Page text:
Did you know that magnesium is required by the trillions of cells in your body to carry out hundreds of different processes every day? Magnesium is involved with the metabolism of your foods, hormone production, stress modulation, muscle relaxation, bone health and sleep regulation. So you can see why magnesium is a vital nutrient! With this in mind, it is important you are getting enough to ensure your body can perform these functions. Here are my top 10 reasons you may need a little more of this miracle mineral.

You’re not getting enough

Reason 1: Do you belong to 33% of the Australian population not meeting their minimum daily magnesium requirement?[1]

Do you belong to 33% of the Australian population not meeting their minimum daily magnesium requirement?[1]

Recommended dietary intakes (RDIs) for magnesium range from 310 mg/day (females) to 420 mg/day (males),[2] which can easily be obtained from consuming roughly one cup of cooked green vegetables, a handful of nuts, and a raw cacao smoothie. Sounds doable right? Unfortunately, that’s not what everyone is eating, with magnesium deficient refined and processed foods creeping onto people plates. These RDIs also do not take into consideration when your body has an increased demand or is actively deficient in magnesium, meaning you may need even more to meet your needs.

Reason 2: Even if you are eating a diet predominant in wholefoods, modern agricultural practices have unfortunately depleted the soil from many key minerals including magnesium,[3] again making it harder to meet your RDI for magnesium.

You’re losing too much

Reasons 3, 4 & 5: Coffee and tea contain tannins that can decrease the intestinal absorption magnesium. Additionally, caffeine, as well as alcohol have a diuretic effect, increasing the loss of water and minerals, such as magnesium, via the urine.

Reason 6 & 7: Certain medications (such as antibiotics, diuretics and steroids) can cause moderate to severe depletion in magnesium,[4] as can exercise through urinary excretion and sweat. [5]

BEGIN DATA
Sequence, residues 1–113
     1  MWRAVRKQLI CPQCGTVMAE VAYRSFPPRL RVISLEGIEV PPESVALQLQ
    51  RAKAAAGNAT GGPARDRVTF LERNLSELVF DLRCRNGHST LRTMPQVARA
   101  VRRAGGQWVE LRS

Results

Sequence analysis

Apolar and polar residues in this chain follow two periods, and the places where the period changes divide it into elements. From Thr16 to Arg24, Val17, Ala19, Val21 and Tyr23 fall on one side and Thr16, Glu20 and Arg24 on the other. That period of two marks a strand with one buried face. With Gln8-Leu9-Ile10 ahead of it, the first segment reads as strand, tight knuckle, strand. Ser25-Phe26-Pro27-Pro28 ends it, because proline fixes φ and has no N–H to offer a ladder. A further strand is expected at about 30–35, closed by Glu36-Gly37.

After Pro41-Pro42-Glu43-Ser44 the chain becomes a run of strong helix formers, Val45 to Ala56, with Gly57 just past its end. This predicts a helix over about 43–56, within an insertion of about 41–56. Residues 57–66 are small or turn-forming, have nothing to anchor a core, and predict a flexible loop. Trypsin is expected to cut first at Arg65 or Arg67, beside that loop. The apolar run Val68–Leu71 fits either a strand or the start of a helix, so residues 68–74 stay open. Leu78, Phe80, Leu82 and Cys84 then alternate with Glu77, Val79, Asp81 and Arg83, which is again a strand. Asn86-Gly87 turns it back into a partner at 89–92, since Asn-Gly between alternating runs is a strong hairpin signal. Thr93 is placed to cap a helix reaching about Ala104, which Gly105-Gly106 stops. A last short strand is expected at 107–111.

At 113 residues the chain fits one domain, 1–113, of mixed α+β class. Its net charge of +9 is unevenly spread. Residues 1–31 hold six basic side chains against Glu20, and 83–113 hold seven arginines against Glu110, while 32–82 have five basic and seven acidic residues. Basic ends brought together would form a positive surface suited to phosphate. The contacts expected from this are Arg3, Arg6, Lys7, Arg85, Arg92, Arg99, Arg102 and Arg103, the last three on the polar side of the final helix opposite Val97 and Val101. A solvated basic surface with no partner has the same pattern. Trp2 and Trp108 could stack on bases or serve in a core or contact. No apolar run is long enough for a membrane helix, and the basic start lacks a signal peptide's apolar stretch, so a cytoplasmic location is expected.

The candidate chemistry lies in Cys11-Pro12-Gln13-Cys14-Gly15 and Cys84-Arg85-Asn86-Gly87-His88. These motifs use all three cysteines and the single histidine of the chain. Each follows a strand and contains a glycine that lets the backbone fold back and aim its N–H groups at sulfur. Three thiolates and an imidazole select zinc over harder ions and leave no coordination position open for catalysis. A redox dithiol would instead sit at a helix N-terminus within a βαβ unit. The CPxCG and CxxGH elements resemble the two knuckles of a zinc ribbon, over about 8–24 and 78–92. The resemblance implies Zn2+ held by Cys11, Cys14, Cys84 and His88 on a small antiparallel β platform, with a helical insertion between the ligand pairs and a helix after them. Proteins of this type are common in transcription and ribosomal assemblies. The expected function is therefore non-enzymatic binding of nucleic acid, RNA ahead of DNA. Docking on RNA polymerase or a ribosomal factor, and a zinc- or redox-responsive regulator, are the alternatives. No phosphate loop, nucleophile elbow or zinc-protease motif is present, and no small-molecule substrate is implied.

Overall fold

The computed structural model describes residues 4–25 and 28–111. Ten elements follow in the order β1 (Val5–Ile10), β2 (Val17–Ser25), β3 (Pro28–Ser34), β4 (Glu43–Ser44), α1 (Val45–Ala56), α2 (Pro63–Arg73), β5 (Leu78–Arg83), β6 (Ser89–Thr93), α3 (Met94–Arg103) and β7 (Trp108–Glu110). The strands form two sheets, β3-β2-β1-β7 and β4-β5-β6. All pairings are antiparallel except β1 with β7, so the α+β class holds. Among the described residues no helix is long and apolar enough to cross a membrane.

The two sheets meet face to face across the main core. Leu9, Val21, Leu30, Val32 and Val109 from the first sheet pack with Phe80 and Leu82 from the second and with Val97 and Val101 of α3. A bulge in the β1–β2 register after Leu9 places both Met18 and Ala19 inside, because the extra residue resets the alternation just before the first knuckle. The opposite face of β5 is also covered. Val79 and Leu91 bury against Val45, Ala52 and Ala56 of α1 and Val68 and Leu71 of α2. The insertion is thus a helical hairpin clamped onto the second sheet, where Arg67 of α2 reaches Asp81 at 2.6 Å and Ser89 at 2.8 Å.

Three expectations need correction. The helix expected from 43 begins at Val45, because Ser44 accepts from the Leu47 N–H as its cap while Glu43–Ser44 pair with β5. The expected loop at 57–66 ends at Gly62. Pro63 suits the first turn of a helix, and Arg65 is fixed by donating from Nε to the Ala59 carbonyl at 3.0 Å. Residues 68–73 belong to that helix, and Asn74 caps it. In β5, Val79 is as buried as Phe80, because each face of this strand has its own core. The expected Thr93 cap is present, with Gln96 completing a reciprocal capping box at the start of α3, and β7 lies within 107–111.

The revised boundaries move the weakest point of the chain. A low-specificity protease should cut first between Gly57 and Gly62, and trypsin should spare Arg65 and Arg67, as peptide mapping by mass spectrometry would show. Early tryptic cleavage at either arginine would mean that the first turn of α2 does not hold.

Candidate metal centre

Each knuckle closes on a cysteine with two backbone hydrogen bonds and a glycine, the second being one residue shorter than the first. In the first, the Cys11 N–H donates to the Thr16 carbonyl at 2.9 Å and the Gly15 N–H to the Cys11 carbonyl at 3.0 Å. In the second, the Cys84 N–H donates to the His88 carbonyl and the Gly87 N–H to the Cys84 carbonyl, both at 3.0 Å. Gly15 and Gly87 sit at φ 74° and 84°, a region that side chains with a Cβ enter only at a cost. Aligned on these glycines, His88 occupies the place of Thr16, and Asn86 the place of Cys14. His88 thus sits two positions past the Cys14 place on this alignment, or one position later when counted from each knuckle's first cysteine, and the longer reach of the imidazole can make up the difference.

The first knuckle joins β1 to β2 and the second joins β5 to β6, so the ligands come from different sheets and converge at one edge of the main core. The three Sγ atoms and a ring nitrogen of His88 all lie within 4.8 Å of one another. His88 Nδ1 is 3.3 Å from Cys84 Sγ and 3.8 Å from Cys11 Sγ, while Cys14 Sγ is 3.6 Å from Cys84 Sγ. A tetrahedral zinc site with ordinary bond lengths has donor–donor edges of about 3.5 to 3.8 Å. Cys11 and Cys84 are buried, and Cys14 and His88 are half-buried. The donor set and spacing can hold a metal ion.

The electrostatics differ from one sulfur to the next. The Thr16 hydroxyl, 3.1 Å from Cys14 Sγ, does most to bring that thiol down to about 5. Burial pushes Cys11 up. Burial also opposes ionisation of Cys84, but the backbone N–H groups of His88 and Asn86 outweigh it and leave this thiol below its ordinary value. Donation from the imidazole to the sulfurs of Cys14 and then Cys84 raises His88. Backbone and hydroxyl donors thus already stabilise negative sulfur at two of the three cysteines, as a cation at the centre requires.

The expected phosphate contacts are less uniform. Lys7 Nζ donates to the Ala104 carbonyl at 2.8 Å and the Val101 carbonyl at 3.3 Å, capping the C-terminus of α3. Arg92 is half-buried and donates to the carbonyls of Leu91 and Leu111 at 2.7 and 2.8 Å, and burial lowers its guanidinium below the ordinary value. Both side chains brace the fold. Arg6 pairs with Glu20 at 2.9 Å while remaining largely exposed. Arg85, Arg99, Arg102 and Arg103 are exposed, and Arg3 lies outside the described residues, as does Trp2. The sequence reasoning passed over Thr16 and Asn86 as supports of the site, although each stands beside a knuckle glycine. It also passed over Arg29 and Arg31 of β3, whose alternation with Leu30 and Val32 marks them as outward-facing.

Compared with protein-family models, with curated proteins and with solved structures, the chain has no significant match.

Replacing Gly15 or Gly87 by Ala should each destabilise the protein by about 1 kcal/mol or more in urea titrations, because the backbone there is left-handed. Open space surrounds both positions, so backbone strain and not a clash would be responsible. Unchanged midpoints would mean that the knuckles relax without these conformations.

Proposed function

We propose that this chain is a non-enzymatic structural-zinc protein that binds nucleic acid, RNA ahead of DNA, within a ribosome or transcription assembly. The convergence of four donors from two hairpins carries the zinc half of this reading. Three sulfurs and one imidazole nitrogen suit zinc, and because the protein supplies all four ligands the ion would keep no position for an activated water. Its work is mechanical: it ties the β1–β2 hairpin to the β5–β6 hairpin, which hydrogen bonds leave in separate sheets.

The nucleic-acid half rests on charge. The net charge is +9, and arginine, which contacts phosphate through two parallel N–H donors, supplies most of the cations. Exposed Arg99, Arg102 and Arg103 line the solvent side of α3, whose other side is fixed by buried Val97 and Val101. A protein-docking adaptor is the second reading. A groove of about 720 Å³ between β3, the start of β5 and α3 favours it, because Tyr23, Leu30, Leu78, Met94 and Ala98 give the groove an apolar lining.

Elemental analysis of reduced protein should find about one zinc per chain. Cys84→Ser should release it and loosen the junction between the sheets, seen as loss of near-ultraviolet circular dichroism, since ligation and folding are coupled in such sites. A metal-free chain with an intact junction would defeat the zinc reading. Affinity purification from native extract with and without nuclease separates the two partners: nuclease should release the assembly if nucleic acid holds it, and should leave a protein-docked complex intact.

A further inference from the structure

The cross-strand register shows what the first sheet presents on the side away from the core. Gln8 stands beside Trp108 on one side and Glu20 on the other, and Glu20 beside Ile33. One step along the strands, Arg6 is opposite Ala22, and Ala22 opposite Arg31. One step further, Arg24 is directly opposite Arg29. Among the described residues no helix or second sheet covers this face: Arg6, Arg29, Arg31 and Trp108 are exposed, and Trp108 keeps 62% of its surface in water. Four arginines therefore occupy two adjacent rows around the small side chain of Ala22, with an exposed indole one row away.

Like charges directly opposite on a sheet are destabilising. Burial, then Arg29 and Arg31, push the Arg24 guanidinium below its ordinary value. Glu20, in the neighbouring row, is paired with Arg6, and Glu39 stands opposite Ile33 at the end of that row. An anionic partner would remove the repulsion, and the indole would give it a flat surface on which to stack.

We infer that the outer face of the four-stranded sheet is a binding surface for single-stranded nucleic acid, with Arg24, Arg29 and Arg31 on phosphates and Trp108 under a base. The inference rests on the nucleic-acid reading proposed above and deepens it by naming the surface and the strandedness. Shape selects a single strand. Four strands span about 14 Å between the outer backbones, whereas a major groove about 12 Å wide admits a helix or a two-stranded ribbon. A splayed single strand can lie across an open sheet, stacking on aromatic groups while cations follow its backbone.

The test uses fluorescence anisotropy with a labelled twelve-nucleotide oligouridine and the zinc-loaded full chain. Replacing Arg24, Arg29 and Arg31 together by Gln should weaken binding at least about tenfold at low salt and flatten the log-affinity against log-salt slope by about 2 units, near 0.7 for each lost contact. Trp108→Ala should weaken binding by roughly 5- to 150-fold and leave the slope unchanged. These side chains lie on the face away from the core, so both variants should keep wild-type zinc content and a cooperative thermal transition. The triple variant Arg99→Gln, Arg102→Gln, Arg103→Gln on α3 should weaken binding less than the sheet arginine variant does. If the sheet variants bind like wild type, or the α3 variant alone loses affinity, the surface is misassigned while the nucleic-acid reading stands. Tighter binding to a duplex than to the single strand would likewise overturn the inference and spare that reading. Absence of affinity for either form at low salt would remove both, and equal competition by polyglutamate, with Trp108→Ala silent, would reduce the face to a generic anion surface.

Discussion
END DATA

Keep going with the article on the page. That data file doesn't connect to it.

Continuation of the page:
Reason 8: Did you know about magnesium’s special relationship with stress? Firstly, having a low level of magnesium is associated with the onset of stressful conditions.[6] However, the activation of the stress response then actually increases the use and elimination of magnesium from the body.[7]

This can result in a vicious cycle: low magnesium causes increased stress, which leads to an increase in the use and excretion of magnesium, leading to lower magnesium levels.


low magnesium causes increased stress, which leads to an increase in the use and excretion of magnesium, leading to lower magnesium levels.

On the bright side, this also means that you can use magnesium therapeutically as both a preventative and treatment of stress.

Reasons 9 & 10: Some of the most common presentations seen by healthcare Practitioners are those of poor sleep and fatigue, with low magnesium playing a causative role in both conditions. This is because magnesium is needed to synthesise the relaxing and sleep-promoting neurotransmitters GABA (gamma-aminobutyric acid) and melatonin, as well as being required to produce the energy your cells need to stay firing throughout the day.

Boost your magnesium levels

If you’re now thinking it’s time to increase your magnesium intake, a supplement can be a great way to top up your diet, support an increase in demand or address a deficiency. To make choosing a magnesium supplement available easier, focus on the two points below so you can make the right decision:


When perusing supplement labels, look for how much elemental or equivalent magnesium it contains – 300 mg per dose is an ideal amount.

Dose:

When perusing supplement labels, look for how much elemental or equivalent magnesium it contains – 300 mg per dose is an ideal amount. Talk to your healthcare Practitioner when interpreting supplement labels for further explanation and clarification.

Form:

Not all forms of magnesium are the same, with different types leading to different levels of absorption and tolerability. For example, salt forms of magnesium such as magnesium oxide and magnesium citrate are suboptimal for replenishing magnesium levels, as they can draw water into the bowel and cause diarrhoea. Alternately, amino acid chelate forms, such as magnesium bisglycinate, provide optimal absorption[8] and lower side effects when compared to other forms of magnesium available.